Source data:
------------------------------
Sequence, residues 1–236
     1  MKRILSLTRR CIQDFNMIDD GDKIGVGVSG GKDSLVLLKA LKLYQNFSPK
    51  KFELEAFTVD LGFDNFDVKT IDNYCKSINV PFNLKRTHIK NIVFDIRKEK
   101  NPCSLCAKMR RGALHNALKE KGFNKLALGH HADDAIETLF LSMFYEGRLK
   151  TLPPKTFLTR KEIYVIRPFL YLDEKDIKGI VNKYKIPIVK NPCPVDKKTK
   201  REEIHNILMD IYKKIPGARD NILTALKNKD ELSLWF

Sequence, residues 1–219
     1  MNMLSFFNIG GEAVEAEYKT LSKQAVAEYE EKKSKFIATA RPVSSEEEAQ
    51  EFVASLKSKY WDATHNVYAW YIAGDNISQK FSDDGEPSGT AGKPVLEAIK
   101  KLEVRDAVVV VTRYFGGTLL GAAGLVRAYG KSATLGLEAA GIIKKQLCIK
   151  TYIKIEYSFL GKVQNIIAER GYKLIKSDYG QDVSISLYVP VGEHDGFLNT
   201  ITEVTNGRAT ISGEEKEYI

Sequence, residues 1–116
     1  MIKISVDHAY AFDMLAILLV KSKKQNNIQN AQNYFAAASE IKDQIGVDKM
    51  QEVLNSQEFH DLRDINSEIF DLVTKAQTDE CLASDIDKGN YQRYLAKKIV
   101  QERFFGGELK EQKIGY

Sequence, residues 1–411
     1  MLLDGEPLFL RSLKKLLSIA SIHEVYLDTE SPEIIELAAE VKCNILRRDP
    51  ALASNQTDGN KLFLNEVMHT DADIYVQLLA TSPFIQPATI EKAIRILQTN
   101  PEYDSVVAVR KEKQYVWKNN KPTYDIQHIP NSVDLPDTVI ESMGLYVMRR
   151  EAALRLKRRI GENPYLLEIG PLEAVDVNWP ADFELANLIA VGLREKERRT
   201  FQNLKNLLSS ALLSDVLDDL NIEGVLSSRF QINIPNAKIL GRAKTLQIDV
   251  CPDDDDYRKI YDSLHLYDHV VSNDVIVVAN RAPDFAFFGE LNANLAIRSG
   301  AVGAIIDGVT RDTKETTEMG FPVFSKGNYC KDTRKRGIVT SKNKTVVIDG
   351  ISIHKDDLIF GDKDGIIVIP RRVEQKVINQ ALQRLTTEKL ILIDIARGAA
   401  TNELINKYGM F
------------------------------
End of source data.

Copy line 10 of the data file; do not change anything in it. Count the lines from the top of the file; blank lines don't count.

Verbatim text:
   101  KLEVRDAVVV VTRYFGGTLL GAAGLVRAYG KSATLGLEAA GIIKKQLCIK